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New York Minimum Wage and White Collar Exemption Threshold Will Increase Again at Year’s End Here's what employers need to know

New Minimum Wage

When the New York State minimum wage increases on December 31, the minimum salary level an employee must be paid to be considered exempt will also increase.  The first round of increases went into effect last December, and are all set to rise again.  In some parts of the state, these increases continue annually until 2021. Eventually the minimum wage is set to go up to $15 per hour statewide.

Review your payroll records to determine if any employees are earning less than minimum wage so that the wages of these employees can be adjusted to at least the new minimum wage rate no later than December 31. 

How it works

Covered employees must be paid not less than the specified minimum wage per hour for all hours worked.  In accordance with state regulations, any increase in the federal minimum wage to a rate that is higher than the NYS minimum wage will automatically result in the same increase in the state minimum wage. 

There are different minimum wage rates for the fast food industry, Long Island, Westchester County, and large and small employers in New York City.  Below is a list of the current minimum wage and upcoming increases for each category. 

Location

12/31/16

12/31/17

12/31/18

12/31/19

12/31/20

2021*

NYC - Large Employers (11 or more employees)

$11.00

$13.00

$15.00

 

 

 

NYC - Small Employers (10 or fewer employees)

$10.50

$12.00

$13.50

$15.00

 

 

Nassau, Suffolk and Westchester Counties

$10.00

$11.00

$12.00

$13.00

$14.00

$15.00

Employers in the Remainder of New York State

$9.70

$10.40

$11.10

$11.80

$12.50

*

General Minimum Wage Rate Schedule


* Annual increases for the rest of the state will continue until the rate reaches $15 minimum wage (and $10 tipped wage). Starting 2021, the annual increases will be published by the Commissioner of Labor on or before October 1. They will be based on percentage increases determined by the Director of the Division of Budget, based on economic indices, including the Consumer Price Index.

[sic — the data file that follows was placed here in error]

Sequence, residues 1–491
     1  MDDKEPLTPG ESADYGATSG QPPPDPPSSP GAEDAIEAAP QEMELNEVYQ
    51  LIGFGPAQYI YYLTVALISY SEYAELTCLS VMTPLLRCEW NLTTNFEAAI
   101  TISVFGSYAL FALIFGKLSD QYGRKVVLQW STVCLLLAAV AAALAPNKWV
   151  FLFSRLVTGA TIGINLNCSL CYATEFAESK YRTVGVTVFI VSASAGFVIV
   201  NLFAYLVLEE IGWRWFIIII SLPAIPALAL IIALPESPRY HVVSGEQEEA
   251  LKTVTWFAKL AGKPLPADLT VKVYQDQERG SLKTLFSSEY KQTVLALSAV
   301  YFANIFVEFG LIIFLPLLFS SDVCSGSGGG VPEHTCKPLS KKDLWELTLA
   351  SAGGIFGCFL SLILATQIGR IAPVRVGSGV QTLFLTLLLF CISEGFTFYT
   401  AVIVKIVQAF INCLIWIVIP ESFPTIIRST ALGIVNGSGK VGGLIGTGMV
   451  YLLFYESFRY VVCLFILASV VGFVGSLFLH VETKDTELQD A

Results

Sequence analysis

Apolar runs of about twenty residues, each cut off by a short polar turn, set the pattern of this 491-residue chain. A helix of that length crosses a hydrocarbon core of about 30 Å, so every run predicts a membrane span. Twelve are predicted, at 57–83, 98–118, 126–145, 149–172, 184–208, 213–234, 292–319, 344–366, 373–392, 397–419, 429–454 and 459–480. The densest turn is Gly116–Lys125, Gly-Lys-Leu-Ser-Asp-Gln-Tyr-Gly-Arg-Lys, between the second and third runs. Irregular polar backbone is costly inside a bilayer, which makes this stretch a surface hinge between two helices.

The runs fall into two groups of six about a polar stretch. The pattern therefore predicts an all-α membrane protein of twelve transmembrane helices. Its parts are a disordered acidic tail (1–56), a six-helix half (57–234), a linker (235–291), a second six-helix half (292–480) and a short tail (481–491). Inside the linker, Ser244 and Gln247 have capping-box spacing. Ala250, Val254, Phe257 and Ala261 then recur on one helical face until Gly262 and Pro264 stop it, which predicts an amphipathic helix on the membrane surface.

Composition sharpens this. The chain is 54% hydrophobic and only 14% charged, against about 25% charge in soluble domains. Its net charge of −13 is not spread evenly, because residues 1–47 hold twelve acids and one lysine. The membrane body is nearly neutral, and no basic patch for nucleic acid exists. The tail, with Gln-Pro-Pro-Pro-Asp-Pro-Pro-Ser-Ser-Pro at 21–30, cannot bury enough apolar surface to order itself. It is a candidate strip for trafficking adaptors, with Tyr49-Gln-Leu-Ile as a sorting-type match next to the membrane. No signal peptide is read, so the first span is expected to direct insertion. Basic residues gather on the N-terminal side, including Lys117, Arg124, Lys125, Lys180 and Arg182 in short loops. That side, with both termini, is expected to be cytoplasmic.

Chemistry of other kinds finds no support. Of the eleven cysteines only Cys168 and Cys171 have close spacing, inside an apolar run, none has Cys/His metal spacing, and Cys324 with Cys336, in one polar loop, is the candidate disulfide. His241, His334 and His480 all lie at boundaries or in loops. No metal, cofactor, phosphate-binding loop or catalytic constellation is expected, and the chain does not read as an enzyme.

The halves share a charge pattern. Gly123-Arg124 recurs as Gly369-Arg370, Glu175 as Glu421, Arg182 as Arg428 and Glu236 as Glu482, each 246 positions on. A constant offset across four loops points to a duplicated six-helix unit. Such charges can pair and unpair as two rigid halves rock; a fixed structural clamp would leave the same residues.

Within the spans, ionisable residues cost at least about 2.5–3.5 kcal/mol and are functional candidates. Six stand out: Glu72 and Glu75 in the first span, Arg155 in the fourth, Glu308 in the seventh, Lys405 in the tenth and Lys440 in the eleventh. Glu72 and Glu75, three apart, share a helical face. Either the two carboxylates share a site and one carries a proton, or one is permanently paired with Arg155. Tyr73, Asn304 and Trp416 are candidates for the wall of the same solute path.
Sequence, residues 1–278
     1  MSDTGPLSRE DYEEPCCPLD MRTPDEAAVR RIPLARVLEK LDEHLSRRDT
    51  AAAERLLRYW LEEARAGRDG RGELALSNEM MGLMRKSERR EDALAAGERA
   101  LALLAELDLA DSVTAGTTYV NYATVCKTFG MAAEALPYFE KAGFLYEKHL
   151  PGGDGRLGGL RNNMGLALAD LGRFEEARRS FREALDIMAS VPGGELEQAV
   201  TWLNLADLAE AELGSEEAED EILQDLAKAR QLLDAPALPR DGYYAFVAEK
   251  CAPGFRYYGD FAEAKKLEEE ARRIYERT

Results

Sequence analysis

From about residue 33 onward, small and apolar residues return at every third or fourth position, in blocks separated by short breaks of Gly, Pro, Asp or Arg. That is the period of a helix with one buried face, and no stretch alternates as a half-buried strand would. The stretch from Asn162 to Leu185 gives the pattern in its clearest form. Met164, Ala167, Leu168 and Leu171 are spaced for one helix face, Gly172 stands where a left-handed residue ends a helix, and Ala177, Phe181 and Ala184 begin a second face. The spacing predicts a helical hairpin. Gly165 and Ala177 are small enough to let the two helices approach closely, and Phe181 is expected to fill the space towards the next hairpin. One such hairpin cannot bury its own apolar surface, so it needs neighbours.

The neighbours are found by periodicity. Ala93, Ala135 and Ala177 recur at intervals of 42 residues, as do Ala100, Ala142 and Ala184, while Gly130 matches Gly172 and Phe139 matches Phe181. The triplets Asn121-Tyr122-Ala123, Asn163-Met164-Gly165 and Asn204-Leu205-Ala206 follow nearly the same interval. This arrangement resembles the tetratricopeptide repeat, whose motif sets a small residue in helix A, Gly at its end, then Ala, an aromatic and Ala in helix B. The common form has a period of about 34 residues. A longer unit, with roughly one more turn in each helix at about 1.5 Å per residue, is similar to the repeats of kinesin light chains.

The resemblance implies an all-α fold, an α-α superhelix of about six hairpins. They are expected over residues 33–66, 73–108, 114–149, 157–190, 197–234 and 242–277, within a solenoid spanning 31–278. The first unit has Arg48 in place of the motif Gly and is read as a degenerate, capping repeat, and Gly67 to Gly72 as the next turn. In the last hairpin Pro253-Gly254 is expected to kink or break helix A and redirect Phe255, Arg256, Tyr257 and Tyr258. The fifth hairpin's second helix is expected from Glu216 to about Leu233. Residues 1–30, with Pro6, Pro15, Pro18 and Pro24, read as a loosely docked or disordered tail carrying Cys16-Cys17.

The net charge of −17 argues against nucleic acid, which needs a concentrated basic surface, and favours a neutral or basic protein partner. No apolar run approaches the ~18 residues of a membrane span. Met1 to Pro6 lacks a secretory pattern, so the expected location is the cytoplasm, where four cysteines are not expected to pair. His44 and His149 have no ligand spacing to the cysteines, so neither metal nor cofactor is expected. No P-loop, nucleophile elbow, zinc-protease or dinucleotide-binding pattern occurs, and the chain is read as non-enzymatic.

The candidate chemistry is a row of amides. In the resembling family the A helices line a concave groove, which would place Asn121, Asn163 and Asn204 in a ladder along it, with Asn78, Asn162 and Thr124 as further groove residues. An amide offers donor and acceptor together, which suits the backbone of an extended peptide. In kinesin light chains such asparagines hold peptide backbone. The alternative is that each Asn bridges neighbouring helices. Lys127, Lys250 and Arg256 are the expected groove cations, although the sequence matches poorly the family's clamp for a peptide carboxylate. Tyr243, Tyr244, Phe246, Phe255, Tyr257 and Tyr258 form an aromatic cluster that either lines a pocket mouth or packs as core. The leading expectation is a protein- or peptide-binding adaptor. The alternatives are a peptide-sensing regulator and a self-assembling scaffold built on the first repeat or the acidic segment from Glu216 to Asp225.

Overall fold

Minimum Wage – Fast Food* Workers

The basic minimum hourly rate for fast food employees shall be: 

Date

New York City

Rest of State

12/31/2016

$12.00

$10.75

12/31/2017

$13.50

$11.75

12/31/2018

$15.00

$12.75

12/31/2019

$15.00

$13.75

12/31/2020

$15.00

$14.50

7/01/2021

$15.00

$15.00

* Fast Food Establishment is any business that meets the following criteria:

Primarily serves food or drinks, including coffee shops, juice bars, donut shops, and ice cream parlors; and offers limited service where customers order and pay before eating, including restaurants with tables but without full table service and places that only provide take-out service; and is part of a chain of 30 or more locations, including individually-owned establishments associated with a brand that has 30 or more locations nationally. For the full definition please refer to 12 NYCRR § 146-3.13.

NEW YORK WHITE COLLAR EXEMPTION SALARY THRESHOLD

While the original federal white collar exemption threshold increase was overturned, New York still has its own set of scheduled increases to be considered exempt from overtime.

New York's regulations apply different requirements across the state based on geography and employer size as seen in the table below: 

 

Employers outside NYC, Westchester,
Nassau & Suffolk Counties

Employers in New York City 
(over 11 employees/10 or under employees)

Employers in Westchester, 
Nassau & Suffolk Counties

12/31/2016     

$727.50 per week

$825 per week/$787.50 per week

$750 per week

12/31/2017

$780 per week

$975 per week/$900 per week

$825 per week

12/31/2018

$832 per week

$1,125 per week/1,012.50 per week

$900 per week

12/31/2019

$885 per week

No Change/$1,125 per week

$975 per week

12/31/2020

$937.50 per week

No Change/No Change

$1,050 per week

12/31/2021

No Change

No Change/No Change

$1,125 per week

Current rules state that certain employees are exempt from overtime regulations if they work more than forty hours per week (these include, but aren't limited to exemptions for administrative, executive, and professional employees). One important factor in determining who is and isn’t exempt from overtime is salary threshold. If an employer currently has employees who qualify as exempt from overtime under the administrative or executive exemptions but make less than the new threshold they would be considered non-exempt going forward and would become eligible for overtime.

 If you have any questions contact us or submit the form below.


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